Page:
MEDIA freedom in Bangladesh has progressively declined and the country’s position in the World Press Freedom Index 2021 is indicative of the constraining political environment for journalists and media professionals. The index prepared by the Reporters sans frontières and released on Tuesday shows that Bangladesh has slipped one notch this year and ranked in the 152nd position among the 180 countries surveyed. The Universal Periodic Review of the United Nations in 2018 also made a similar observation on the shrinking media freedom in Bangladesh and recommended that the government should take steps to ensure the freedom of press and to protect journalists. The government, as it seems, has not made any effort to improve on the situation. Of all the cases filed under the Digital Security Act in 2020, 16 per cent were filed against journalists. In a similar case filed by Khulna’s mayor, also president of the Khulna unit Awami League, a 64-year-old journalist was sent to jail on Wednesday. The legal harassment of journalists has become commonplace and created a fearful situation where public interest journalism has become a risky affair.
The legal harassment of and violence against journalists are not the only impeding factors. The declining labour standards in media and a constant violation of the labour law also influenced the growth of journalism as a profession. There persists a general disregard for the health and economic well-being of the community which became more evident during the Covid outbreak. The Geneva-based Press Emblem Campaign ranks Bangladesh in the 6th position in Covid-related death of journalists. Many civil society organisations note that journalists have experienced significant pay cut, the suspension of festival allowances and sudden job termination during the Covid times. As professional associations of journalists are deeply politicised and co-opted by the ruling party, they play little to no role in safeguarding the rights of journalists. In 2018, the cabinet approved a draft law for journalists, employees and technicians of all media, but it was never made into a law. It is, therefore, not surprising that legal harassment, attacks on journalists or labour rights violation continues to remain unaddressed, creating an atmosphere of fear and insecurity for media professionals.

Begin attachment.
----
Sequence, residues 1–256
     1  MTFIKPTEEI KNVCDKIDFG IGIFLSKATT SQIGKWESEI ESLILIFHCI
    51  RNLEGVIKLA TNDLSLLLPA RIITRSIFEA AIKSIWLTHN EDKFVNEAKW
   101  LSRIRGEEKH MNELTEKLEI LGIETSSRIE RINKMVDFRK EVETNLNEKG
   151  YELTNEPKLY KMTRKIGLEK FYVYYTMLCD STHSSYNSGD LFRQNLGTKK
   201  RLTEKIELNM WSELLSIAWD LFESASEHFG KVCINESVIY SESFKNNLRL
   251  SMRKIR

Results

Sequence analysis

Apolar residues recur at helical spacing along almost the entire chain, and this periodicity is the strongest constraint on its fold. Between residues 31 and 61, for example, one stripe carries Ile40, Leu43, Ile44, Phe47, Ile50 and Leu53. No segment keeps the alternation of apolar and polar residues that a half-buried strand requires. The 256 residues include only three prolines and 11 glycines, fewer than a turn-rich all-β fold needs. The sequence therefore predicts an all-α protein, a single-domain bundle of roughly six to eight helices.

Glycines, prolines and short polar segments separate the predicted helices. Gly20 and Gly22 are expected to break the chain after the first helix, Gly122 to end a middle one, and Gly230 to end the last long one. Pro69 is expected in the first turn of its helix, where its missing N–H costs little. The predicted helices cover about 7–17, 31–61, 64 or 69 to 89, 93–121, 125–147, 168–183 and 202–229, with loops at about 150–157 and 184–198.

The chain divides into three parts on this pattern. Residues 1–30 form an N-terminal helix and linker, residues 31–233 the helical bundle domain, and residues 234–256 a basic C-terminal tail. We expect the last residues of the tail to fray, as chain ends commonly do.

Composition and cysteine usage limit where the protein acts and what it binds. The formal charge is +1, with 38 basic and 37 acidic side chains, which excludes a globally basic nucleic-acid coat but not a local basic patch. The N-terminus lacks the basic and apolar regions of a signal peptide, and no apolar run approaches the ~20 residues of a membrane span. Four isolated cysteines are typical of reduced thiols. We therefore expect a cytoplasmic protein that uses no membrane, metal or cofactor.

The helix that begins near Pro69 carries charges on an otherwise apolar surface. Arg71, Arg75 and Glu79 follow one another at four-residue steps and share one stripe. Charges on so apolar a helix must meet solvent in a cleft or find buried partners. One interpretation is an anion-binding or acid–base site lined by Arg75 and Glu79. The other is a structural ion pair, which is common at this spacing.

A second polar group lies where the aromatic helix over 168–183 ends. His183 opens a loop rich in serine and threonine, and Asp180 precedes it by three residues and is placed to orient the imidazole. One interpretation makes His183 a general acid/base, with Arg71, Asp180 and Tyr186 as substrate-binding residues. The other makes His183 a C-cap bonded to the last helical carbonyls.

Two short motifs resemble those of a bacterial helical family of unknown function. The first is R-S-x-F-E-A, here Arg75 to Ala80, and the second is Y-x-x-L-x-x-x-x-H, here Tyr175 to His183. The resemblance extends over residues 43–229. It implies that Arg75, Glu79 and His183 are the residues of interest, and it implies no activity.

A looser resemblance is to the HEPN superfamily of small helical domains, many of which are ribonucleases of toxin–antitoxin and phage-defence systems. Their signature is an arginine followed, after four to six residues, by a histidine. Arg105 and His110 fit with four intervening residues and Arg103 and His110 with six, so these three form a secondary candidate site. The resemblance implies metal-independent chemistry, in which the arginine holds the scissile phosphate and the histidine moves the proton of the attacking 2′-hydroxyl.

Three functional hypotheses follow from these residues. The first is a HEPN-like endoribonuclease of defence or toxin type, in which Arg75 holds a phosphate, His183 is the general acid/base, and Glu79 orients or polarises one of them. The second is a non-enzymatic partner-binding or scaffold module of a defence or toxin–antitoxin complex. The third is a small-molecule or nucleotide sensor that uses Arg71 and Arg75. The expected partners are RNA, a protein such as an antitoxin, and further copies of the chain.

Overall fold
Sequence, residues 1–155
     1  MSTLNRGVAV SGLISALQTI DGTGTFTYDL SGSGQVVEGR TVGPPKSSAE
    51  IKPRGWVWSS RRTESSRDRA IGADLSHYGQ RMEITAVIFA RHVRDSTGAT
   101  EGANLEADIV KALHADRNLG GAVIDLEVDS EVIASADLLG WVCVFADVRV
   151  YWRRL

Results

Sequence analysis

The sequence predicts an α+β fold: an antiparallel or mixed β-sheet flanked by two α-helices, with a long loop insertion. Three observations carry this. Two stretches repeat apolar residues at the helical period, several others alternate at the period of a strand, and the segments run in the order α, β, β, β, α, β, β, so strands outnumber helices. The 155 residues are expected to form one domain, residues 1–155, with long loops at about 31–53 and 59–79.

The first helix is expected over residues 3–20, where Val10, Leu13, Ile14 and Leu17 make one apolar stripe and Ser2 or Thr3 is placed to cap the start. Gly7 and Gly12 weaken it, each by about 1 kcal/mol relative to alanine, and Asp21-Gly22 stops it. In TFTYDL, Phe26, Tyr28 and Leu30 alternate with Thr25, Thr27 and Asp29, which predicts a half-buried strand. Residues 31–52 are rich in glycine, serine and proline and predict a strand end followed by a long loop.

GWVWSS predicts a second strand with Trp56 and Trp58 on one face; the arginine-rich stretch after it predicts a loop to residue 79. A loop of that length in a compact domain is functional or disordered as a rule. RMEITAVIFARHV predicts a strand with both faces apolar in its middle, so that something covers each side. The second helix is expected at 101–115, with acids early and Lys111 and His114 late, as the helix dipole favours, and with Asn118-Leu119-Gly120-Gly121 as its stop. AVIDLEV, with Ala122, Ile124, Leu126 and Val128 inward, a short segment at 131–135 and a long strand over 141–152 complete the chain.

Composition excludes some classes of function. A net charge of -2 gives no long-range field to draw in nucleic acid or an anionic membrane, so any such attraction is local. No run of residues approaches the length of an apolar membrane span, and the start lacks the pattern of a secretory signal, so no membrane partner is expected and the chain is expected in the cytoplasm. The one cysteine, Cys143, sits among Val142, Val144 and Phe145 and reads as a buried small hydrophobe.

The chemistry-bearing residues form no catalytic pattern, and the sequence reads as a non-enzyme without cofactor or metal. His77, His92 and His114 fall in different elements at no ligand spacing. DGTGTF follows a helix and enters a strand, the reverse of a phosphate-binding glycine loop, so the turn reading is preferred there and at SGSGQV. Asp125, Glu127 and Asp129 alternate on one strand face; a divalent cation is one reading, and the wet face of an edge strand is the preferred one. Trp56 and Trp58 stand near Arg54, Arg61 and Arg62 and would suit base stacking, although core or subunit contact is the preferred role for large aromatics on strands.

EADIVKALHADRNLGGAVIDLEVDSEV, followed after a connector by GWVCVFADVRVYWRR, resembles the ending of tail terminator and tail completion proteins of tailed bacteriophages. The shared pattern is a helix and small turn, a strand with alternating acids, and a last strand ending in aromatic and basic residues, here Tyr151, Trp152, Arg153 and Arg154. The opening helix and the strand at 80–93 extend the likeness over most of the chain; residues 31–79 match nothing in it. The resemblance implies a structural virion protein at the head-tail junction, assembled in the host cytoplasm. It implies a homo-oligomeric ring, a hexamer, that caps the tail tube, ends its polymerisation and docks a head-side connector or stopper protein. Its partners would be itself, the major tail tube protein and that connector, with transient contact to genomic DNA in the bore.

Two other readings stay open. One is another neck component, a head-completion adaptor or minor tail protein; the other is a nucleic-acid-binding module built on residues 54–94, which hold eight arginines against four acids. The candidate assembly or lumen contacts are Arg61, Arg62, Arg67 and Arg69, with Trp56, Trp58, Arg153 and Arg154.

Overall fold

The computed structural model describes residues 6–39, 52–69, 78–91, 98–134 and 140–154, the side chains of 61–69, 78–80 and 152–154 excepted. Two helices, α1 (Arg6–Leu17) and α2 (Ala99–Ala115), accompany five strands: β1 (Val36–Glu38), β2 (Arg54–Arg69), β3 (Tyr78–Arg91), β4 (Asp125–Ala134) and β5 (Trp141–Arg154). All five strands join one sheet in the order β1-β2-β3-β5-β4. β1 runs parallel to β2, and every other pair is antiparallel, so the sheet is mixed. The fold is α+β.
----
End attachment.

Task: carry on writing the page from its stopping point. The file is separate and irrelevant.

Reporters sans frontières rightly points that public interest journalism has never been more important than today when the global economy reels from the shock of Covid-19 and it reminds governments of ensuring unhindered production and distribution of good journalism. The government must, therefore, immediately stop the application of the Digital Security Act to stop journalistic work and ensure judicious investigation of all cases of violence against journalists. The journalist community at large must also work against the growing journalistic trend that works rather as the mouthpiece of the ruling party than speaking of their own rights or the growth of journalism.
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